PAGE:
In 1904, a public school was erected on Pleasant Avenue in the area then known as Bogardus Corners-today's Rossville. On June 28, 1939, the two-classroom school, which was known as P.S. 31, was given over to the New York Citydavis_park_final_400 Board of Estimate. However, by August 25 of that same year, the New York City Board of Education reclaimed the site so that it could be used to store furniture. Being too small to store furniture while still operating as a school, the school closed down.  It wasn't until the middle of the twentieth century that a new building was constructed for P.S. 31. This building, however, was located quite far from the original site. Today, it is located at the northern tip of Staten Island, in the neighborhood of St. George.

On January 22, 1945, Staten Island faced the death of one of their most beloved residents: William T. Davis. Davis was known by many for different accomplishments. First and foremost, he was a naturalist. He was very much involved in the exploration of Staten Island's environment and nature. Others knew William T. Davis as the local historian who always had time to hear about residents' memories and stories.

Everybody, however, knew him as an author. Not only did he catalogue the flora and fauna of Staten Island; he also chronicled the history of the Island in Staten Island and Its People, along with co-author Charles W. Leng.

P.S. 31, which is located at 55 Layton Avenue, was named the William T. Davis School, in honor of the famed Staten Islander. In 1969, the William T. Davis School was given a playground, which would be managed by both the New York City Department of Parks and Recreation and the New York City Board of Education. At the time of its erection, the playground was known interchangeably as the Public School 31 Playground and the William T. Davis School Playground. In 1985, the name was changed simply to Davis Playground.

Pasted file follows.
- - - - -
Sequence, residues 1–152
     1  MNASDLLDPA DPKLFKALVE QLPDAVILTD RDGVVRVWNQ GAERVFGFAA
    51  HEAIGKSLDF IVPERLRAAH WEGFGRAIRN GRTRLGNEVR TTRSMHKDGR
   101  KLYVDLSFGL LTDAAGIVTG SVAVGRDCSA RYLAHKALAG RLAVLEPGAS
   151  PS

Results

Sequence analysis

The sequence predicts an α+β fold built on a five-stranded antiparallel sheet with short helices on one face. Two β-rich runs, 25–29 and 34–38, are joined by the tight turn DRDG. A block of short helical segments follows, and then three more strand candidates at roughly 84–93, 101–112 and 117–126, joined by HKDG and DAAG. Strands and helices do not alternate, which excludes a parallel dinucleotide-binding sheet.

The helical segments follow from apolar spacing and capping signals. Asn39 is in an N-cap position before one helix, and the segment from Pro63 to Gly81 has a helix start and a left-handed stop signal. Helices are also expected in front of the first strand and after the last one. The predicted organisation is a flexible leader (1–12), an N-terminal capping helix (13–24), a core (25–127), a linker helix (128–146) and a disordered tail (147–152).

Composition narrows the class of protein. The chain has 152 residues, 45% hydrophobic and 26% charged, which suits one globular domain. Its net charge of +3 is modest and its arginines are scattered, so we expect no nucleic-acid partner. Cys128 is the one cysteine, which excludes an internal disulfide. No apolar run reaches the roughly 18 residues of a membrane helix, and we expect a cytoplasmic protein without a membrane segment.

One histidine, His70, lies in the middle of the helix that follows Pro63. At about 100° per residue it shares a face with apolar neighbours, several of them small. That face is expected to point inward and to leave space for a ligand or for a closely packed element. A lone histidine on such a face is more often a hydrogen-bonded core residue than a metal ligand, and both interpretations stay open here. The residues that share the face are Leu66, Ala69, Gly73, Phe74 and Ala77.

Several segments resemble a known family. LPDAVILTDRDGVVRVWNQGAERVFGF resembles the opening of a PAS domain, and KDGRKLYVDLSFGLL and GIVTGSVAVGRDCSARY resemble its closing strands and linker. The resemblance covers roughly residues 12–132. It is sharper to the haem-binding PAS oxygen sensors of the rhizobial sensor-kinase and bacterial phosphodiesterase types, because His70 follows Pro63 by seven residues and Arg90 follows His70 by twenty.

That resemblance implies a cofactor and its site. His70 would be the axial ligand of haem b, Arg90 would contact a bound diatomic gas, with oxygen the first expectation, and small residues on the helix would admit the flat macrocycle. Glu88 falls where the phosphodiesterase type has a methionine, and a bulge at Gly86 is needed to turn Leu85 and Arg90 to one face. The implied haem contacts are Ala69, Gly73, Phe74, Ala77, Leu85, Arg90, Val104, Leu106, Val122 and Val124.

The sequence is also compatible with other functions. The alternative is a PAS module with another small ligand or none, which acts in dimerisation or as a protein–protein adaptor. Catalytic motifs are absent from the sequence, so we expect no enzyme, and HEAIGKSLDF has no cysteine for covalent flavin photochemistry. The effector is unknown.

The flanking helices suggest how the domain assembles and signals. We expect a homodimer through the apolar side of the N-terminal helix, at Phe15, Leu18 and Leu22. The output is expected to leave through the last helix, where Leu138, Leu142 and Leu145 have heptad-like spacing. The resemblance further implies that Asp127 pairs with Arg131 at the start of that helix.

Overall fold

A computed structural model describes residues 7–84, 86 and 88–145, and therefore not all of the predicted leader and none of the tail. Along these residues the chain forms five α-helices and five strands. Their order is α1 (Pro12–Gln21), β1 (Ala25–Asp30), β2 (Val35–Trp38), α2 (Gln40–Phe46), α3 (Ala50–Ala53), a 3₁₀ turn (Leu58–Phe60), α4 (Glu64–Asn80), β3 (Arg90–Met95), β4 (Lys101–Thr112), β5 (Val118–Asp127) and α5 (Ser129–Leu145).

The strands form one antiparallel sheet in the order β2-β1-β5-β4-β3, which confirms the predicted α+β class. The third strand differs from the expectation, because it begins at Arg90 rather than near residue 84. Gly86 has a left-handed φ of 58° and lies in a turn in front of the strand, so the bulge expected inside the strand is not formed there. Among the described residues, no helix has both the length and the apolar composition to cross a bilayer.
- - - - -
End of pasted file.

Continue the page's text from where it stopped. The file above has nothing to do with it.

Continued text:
For years, Davis Playground was merely a yard of asphalt that was in major disrepair. In 2004, New York City Council Member Michael McMahon took a tour of the school and vowed to repair the playground once money was available. That day came on July 14, 2006, when ground was broken on the site. Early on in 2008, construction was completed on the new Davis Playground. On November 7 of that year, New York City Department of Parks and Recreation Commissioner Adrian Benepe joined City Council Member Michael McMahon on the now-even ground of Davis Playground for the cutting of the ribbon.

Today, Davis Playground is more than just an area of roughly one acre where children could run around. Now they can do that and more. Since the playground equipment has been replaced, the children can once again enjoy playing on the jungle gym, monkey bars, and slide. Parents can also enjoy keeping an eye on their children from the benches which line the playground. On the ground surrounding the play unit, children also enjoy playing in the spray showers, using jump ropes, and using chalk to play hopscotch and other such games. In addition to the renovation that had taken place at this site, Davis Playground was given a basketball court, on which children also enjoy playing.

Posted by Anthony Licciardello on


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